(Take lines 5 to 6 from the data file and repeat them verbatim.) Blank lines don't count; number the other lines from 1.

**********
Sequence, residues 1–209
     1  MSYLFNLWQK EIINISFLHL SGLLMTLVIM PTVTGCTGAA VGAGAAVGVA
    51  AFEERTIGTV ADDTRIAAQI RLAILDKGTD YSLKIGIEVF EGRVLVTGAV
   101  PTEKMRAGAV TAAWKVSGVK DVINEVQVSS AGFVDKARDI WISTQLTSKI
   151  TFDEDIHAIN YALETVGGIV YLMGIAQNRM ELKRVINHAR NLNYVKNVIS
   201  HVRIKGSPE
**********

   151  TFDEDIHAIN YALETVGGIV YLMGIAQNRM ELKRVINHAR NLNYVKNVIS
   201  HVRIKGSPE